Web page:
Alex, Alec, and Harrison are in the room today discussing 3 top stories from the week. First up – a hacker deploys Ryuk ransomware against the city of New Bedford, Massachusetts, demanding $5.3 million. What was interesting, though, was that the city tried to negotiate with the attackers for a lower ransom of $400k, but the attackers didn’t want it and ended up cutting off communications.
Next the guys chat through the suspension of Twitter’s SMS-based tweet function after the news of Twitter CEO Jack Dorsey’s Twitter account was “hacked”. An interesting attack surface incident for phone numbers.
Finally the team discusses an exposure incident where 419 million Facebook records were exposed.
Listen below 👇👇👇
Updates from this week’s Intelligence Summary
- In the spotlight this week: A surge in financially motivated cyber-attack campaigns has been attributed to “Silence”, which is a probably Russian cybercriminal group. Its members have purportedly conducted 16 new campaigns targeting banks around the world. Silence attacks have grown in maturity and sophistication, and the group should be considered a credible threat to the financial services sector for the short- to mid-term future (3 to 12 months).
- Weekly highlights include: a recent campaign by “APT28” using a Dynamic Link Library (DLL) backdoor; continued activity attributed to the “Magecart” threat umbrella, which remains active in the retail sector; and more targeting of South Korean cryptocurrency exchanges by the “Lazarus Group”.
Growing threat of Silence heard around the world
An increase in financially motivated cyber-attack campaigns against banks in various countries has been attributed to the Russia-linked “Silence” threat group. Attacks have shown: expanded target geographies; continuous updates of the group’s tool set, focused on obfuscation; and increasing operational sophistication. Silence has moved beyond emulating other threat groups toward building their own custom attack methods and procedures. Finance institutions worldwide are likely targets, and new campaigns are almost certain to emerge in the short- to mid-term future.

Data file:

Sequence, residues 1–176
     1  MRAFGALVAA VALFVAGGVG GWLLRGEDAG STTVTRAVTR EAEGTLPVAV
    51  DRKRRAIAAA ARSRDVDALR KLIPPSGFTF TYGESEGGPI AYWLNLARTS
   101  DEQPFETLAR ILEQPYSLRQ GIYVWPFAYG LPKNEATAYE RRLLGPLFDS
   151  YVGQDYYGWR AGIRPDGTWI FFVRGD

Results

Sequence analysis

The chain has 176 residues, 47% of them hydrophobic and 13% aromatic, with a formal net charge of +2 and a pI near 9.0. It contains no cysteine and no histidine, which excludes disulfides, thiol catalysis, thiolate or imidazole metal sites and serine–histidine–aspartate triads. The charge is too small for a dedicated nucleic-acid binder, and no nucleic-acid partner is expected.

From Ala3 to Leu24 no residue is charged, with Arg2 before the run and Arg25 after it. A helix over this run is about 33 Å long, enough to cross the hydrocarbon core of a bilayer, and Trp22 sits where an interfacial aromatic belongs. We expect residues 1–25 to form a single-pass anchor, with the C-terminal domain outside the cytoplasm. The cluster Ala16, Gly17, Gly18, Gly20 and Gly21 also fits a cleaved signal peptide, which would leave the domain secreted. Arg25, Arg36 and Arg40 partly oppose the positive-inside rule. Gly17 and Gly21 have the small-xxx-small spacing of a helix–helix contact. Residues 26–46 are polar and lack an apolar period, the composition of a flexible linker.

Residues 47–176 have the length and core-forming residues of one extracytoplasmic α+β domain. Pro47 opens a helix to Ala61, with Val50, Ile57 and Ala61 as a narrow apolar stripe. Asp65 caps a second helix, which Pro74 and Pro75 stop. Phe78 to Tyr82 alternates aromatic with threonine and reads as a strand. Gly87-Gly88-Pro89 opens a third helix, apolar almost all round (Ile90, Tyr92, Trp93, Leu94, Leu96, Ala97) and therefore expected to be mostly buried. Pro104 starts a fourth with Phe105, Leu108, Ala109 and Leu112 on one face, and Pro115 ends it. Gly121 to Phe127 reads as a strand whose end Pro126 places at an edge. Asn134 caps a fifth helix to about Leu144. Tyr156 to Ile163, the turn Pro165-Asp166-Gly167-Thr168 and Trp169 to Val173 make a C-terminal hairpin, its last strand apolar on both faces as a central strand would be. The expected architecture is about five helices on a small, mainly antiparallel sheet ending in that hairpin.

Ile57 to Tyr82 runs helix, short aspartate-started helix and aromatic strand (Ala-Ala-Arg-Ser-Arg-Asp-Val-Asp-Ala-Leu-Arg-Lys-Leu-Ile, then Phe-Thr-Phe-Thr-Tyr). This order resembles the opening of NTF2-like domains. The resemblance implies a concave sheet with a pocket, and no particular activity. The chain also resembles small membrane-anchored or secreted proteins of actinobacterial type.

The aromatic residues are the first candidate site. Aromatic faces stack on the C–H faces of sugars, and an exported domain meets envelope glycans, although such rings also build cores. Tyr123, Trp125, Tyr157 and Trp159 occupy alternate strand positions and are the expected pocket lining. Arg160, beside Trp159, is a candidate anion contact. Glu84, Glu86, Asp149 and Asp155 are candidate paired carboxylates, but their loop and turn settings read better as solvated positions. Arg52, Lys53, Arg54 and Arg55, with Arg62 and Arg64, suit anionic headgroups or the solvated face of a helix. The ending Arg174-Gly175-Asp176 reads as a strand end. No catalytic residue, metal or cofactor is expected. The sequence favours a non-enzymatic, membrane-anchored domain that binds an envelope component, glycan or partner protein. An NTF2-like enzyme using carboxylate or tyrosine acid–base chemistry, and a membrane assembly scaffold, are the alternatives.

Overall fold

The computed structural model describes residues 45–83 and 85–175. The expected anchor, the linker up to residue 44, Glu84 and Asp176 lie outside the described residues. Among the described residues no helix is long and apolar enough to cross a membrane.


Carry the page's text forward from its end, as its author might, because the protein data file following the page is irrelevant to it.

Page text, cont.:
Dynamic Link Library backdoor opens up full control to APT28
The Russian state-associated threat group APT28 has reportedly used DLL backdoor malware in a recent campaign targeting unnamed entities. The group disguised the malicious exports used to implant the backdoor by renaming them to known benign exports in Microsoft DLL, allowing for full access and control of a target machine following successful compromise. Although the states or organizations targeted by the backdoor remain unconfirmed, the focus on obfuscation is consistent with espionage activity and the campaign was likely politically motivated, based on APT28’s previous targeting.
Magecart umbrella targets 80 more e-commerce websites
Eighty e-commerce websites have reportedly been compromised in activity attributed to Magecart, indicating that the threat group umbrella, and its associates, have remained active against the retail sector. All sites affected were using an outdated version of Magento, making them vulnerable to card skimming, formjacking, remote code executions, and cross-site scripting. The targeted websites remain unidentified. Similar activity will likely be attributed to Magecart in the short term (three to six months).
Lazarus Group casts spearphishing line to Korean cryptocurrency exchanges
The North Korean state-associated Lazarus Group has been observed targeting South Korean cryptocurrency exchanges. Spearphishing emails were delivered with malicious attachments that, when opened, installed a backdoor that began communication with a C2 server. This aligns with previous Lazarus Group activity that has favored (albeit not exclusively) cyber-threat activity against South Korean cryptocurrency exchanges.
For more details, read the full Weekly Intelligence Summary here: